In addition, Mr. Hu laid out a five-point proposal to address India-China relations, including one on the border issue. The proposal says the two sides should handle their differences and work for peace and stability, while urging both to push forward border talks in the spirit of peace, friendship, equal consultation, mutual respect and mutual understanding and make good use of the working mechanism of consultation and coordination on border affairs so as to jointly safeguard peace and security on the borders. While the agenda appears comprehensive, this needs to be followed on the ground to make a difference to India-China strategic ties.

Having said that, it is not the border issue that remains at the crux of the problems between India and China. The bigger issue is to reach an understanding on their respective roles in the emerging Asian strategic architecture. It is India’s growing role in Asian affairs and beyond and China’s eternal desire to box India in South Asia that has been at odds in the recent years. Beijing’s closer partnership with Islamabad and in fact with all of the neighbouring countries appears to have been motivated by the desire to balance India. Beijing’s ongoing activities in Pakistan Occupied Kashmir, or its changing policy on Jammu & Kashmir or the Chinese protests at the Indian troop movement in Sikkim (an otherwise a peaceful sector on the Line of Actual Control (LAC); Sikkim was recognised by China as part of India during Prime Minister Vajpayee’s visit to Beijing in 2003) are not reassuring to India. These do reflect a tendency on the part of China to question the very territorial integrity of India.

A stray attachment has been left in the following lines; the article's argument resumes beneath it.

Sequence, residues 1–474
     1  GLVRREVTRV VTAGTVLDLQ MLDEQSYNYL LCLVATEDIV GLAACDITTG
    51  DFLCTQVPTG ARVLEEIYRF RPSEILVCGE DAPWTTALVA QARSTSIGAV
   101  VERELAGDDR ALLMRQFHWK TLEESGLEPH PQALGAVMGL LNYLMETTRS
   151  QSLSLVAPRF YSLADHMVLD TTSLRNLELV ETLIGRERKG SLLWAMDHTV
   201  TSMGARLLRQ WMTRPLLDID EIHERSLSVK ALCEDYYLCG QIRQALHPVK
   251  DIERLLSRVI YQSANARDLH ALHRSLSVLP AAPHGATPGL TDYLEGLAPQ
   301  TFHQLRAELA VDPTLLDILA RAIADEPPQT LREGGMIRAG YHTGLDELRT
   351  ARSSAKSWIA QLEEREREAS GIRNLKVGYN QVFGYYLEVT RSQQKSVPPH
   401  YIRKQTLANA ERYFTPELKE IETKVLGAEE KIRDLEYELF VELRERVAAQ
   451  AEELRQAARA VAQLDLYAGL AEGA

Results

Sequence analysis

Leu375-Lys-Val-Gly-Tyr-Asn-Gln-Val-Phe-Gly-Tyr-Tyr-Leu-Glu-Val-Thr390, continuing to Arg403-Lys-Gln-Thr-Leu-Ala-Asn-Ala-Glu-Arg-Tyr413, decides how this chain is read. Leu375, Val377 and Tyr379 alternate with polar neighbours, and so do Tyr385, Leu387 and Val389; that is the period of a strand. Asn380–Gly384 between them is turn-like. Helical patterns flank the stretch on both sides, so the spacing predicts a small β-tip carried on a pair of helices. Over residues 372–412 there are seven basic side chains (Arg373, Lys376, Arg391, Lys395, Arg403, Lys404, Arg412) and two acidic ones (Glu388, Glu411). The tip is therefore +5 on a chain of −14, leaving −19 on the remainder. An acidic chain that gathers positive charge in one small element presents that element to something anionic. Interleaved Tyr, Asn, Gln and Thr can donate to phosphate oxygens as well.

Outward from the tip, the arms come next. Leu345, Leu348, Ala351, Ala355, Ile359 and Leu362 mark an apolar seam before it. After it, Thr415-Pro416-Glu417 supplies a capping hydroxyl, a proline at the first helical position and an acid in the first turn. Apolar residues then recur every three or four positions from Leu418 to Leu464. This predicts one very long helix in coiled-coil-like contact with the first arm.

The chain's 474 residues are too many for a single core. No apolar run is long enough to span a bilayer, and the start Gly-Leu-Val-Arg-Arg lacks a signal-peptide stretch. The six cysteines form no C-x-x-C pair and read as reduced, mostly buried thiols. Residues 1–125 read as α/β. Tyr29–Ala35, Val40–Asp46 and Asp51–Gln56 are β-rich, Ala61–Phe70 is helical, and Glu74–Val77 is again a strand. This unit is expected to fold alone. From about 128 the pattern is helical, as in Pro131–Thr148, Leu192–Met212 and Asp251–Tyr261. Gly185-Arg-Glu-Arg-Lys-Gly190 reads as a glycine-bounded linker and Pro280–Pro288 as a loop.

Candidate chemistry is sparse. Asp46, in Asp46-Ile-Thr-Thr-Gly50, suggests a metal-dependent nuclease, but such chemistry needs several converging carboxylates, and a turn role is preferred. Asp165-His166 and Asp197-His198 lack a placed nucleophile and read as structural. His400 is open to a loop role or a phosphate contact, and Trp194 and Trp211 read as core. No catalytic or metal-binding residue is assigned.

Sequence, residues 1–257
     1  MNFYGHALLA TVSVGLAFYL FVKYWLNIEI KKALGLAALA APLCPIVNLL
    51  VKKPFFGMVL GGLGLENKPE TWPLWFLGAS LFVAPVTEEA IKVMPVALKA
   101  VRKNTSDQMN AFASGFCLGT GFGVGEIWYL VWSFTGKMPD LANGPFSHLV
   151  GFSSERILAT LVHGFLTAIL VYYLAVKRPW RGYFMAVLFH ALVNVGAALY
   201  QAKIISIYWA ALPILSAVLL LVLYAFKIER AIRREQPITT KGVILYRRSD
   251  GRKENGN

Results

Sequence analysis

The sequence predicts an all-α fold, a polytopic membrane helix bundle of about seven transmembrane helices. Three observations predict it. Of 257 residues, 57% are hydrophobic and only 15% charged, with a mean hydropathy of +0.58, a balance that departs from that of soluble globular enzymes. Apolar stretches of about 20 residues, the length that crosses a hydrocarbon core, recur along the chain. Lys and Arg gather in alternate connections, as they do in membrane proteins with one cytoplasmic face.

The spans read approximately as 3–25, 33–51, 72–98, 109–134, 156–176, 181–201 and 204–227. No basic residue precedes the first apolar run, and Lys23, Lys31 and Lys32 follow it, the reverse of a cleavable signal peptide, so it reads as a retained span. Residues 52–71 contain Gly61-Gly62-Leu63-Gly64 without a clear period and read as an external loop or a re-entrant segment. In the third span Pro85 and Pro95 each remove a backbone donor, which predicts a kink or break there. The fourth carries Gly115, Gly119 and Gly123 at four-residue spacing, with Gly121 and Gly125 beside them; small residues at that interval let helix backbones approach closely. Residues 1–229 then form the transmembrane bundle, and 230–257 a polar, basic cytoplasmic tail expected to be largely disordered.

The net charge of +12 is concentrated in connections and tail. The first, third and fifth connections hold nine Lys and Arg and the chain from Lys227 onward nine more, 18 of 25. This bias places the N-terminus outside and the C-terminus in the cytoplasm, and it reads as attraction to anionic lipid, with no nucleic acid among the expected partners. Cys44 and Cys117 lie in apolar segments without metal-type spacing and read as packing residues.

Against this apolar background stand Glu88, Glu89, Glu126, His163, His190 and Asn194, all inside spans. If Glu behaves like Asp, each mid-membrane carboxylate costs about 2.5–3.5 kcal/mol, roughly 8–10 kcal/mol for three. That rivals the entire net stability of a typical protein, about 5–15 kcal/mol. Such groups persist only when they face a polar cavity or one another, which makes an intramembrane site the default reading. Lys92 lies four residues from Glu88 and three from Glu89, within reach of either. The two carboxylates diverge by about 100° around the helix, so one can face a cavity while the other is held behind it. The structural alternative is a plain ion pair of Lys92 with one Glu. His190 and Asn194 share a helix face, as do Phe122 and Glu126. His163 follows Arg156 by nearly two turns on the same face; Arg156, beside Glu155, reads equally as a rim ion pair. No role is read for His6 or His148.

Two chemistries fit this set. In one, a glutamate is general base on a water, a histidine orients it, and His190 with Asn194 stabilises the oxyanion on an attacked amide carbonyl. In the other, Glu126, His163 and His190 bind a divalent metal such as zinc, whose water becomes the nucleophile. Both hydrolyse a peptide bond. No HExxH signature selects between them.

It is likely that the simultaneous rise of four major powers in Asia (China, Japan, Russia, India) will lead to a period of uncertainty and newer frictions. The fact that except for India and Russia, all the other countries have had troubled history, including war, does not help ease the situation. However, these powers have to recognise that their wealth and prosperity will also depend on the health of bilateral ties with each of these Asian capitals.

India and China have to shoulder greater responsibility in this regard to ensure that they adopt more inclusive and cooperative approach in addressing each other’s concerns. And no amount of multilateral level cooperation (BRICS, G-20, WTO) can diminish some of these vexed issues. The fact is also that the two countries have cooperated mostly at the Chinese insistence and where it benefits them and not necessarily in a global forum that is supportive of India. Beijing’s less than supportive role at the NSG and its efforts to sabotage an ADB loan for India are one or two instances. Therefore, India has to become more pragmatic in understanding and leveraging multilateral platforms to further its own national interests while strengthening India-China bilateral ties.

(The writer is a Senior Fellow at Observer Research Foundation. Currently, she is a Visiting Professor at the Graduate Institute of International Politics, National Chung Hsing University, Taichung, Taiwan)

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Rajeswari Pillai Rajagopalan

Rajeswari Pillai Rajagopalan

Dr Rajeswari (Raji) Pillai Rajagopalan is the Director of the Centre for Security, Strategy and Technology (CSST) at the Observer Research Foundation, New Delhi.  Dr ...